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Montevideo, September 23rd 2018 - 06:45 UTC

Argentines begin campaigning for a Secular State

Tuesday, August 21st 2018 - 09:09 UTC
Full article 11 comments
The event, called “Collective Apostasy,” focused on a signature drive for Argentines wanting to renounce their affiliation to the church The event, called “Collective Apostasy,” focused on a signature drive for Argentines wanting to renounce their affiliation to the church
People formed long lines in Buenos Aires and other cities, demanding their desire that the Church not interfere in Argentine politics People formed long lines in Buenos Aires and other cities, demanding their desire that the Church not interfere in Argentine politics

Argentines gathered in Buenos Aires last Saturday to oppose the influence of religion on Argentine politics and encourage people to quit the Catholic Church, in the wake of the recent Senate vote not to legalize some abortions.

The event, called “Collective Apostasy,” focused on a signature drive for Argentines wanting to renounce their affiliation to the church through a form that will later be given to the Episcopal Conference in the homeland of Pope Francis.

People formed long lines in Buenos Aires and other cities, and organizers hoped thousands would officially register their desire that the Church not interfere in Argentine politics and that their names be eliminated from its registries.

“We are receiving the apostasies of all the people who want to renounce their ties to the Catholic Church,” said one of the organizers.

The movement is led by the Argentine Coalition for a Secular State and its backers often wear orange scarves. Some this weekend were wearing black scarves too.

“Obtaining the vote for women, the divorce law, marriage equality, the gender identity law, the assisted human fertilization law, the law of integral sexual education, the dignified death law were all done fighting clerical power, which seeks to have total dominion over our minds and bodies,” the event's manifesto published on social media said.

Saturday's event follows the rejection by the Senate in early August of a bill that would have legalised abortion in the first 14 weeks, a vote that was seen as being swayed by the Church.

“The discourse by the church to convince the people to not accept the [abortion] law was so outrageous that I reached the height of my enmity toward the Catholic Church,” said Nora Cortinas, a founding member of the Mothers of Plaza de Mayo human rights group.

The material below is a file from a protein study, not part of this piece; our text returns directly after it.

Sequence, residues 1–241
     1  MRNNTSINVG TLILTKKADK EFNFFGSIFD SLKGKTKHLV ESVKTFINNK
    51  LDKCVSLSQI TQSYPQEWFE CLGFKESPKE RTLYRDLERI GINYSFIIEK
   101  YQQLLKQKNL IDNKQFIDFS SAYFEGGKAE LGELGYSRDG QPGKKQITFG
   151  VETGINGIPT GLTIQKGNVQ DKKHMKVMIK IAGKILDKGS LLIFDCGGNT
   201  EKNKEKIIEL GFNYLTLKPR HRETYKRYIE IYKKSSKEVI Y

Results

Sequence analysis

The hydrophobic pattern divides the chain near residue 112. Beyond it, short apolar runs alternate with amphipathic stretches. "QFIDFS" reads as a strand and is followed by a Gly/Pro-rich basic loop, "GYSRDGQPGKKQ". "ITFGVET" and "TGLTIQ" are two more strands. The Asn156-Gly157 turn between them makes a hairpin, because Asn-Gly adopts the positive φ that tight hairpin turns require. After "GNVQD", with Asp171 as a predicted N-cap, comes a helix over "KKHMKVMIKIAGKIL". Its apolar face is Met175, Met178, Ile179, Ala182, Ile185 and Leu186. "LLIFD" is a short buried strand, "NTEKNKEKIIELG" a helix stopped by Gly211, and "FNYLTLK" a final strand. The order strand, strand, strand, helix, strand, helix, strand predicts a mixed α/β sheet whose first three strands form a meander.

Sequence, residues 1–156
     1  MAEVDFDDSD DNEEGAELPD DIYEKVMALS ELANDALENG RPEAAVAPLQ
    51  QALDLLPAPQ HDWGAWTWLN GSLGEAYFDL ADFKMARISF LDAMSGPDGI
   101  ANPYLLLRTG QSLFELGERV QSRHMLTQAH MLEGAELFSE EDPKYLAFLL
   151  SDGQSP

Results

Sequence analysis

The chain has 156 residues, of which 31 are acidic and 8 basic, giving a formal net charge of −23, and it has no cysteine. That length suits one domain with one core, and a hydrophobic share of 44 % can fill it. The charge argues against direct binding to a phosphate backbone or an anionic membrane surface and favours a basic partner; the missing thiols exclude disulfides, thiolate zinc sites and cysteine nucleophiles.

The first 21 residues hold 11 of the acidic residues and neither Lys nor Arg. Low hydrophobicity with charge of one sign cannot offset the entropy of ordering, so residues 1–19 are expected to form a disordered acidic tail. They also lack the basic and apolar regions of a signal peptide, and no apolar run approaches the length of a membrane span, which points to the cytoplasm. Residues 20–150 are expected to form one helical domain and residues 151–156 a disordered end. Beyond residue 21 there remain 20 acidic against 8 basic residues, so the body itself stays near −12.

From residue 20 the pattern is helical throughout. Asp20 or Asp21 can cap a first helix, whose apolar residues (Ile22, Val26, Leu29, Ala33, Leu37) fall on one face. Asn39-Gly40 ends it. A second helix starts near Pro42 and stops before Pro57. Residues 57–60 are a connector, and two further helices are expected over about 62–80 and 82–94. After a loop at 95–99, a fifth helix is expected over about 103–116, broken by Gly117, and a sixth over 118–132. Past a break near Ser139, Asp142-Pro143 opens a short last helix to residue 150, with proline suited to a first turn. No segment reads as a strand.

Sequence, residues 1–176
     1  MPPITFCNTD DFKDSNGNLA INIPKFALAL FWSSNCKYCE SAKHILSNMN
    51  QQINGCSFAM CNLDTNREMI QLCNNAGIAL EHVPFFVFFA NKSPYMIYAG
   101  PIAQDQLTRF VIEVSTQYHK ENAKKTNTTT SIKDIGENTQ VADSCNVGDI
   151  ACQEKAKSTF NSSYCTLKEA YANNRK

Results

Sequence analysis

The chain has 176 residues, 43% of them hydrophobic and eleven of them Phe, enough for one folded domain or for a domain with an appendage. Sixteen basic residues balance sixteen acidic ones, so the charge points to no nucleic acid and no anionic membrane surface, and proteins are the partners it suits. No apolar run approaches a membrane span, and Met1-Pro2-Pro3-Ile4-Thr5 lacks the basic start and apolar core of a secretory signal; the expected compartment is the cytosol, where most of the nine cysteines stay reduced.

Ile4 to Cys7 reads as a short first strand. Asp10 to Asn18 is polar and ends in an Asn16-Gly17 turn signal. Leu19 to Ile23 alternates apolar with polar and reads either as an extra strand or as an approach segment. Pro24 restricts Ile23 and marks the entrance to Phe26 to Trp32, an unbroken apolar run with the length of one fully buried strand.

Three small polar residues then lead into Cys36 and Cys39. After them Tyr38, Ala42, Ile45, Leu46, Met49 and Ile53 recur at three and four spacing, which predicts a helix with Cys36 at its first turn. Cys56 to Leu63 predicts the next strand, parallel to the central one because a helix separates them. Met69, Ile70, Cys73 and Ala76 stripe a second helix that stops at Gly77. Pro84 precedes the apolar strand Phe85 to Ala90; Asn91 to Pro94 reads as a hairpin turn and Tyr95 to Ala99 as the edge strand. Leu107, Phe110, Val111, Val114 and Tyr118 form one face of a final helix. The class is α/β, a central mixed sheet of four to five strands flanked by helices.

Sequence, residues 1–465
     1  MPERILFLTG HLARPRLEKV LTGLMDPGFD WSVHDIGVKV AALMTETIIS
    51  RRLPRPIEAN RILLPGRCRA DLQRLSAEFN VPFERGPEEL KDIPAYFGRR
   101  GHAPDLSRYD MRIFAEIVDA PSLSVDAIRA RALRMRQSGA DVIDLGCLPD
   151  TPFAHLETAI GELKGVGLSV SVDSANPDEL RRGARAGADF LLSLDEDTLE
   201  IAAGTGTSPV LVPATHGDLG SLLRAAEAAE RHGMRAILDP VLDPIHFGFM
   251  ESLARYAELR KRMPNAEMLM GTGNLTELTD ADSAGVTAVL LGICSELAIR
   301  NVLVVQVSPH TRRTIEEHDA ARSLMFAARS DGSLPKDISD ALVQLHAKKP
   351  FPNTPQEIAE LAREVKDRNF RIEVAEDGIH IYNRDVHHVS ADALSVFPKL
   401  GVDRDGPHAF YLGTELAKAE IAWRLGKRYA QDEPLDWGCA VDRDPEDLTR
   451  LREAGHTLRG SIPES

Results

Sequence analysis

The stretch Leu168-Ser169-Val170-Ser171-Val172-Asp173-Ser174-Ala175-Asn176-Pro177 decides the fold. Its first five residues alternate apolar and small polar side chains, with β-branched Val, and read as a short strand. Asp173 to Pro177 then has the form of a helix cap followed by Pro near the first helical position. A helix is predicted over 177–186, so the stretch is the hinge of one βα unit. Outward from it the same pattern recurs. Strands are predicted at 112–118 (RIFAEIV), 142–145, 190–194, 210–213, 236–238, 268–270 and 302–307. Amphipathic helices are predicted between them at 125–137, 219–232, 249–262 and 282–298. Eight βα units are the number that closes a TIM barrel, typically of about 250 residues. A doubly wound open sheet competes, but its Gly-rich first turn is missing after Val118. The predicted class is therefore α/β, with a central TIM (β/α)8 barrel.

About two-thirds of Argentina's 43 million residents define themselves as Catholic, but there is rising discontent with the church amid sex abuse scandals and the historic defeat of the vote to legalise abortion.

Categories: Politics, Argentina.

Top Comments

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  • Earthfarmer

    What this story fails to mention is that the state gives money to the church in proportion to those that have been baptized catholic. By a person renouncing their tie to the church, the amount the state gives is reduced. The relationship between the state and the church is, unbelievably, actually written into the Argentine constitution, so if they really want to make an impact they should amend the constitution and break the relationship completely.

    Aug 21st, 2018 - 01:35 pm +2
  • Cheshire_Cat

    Earthfamer - Indeed, it is an old article from the Constitution which reads “the Argentine government supports the Roman Apostolic Catholic religion” while another proclaims freedom of religion. In practice this means that while freedom of religion is protected, the government gives tax money to the Church in proportion to the number of Catholics in the country - A ridiculous and archaic practice in the 21st century.

    Aug 21st, 2018 - 03:48 pm +1
  • Enrique Massot

    On this one, I totally agree with CC and EF. It is high time the Argentine state severed its ties with the Catholic Church, a practice unacceptable in the past and even more so in this day and age.

    Of course, this requires an amendment of the Constitution, which should be a no brainer.

    This could be opportunity for president Macri, who likes to throw things into debate as long as it diverts the public away from the economy.

    Aug 21st, 2018 - 05:50 pm +1
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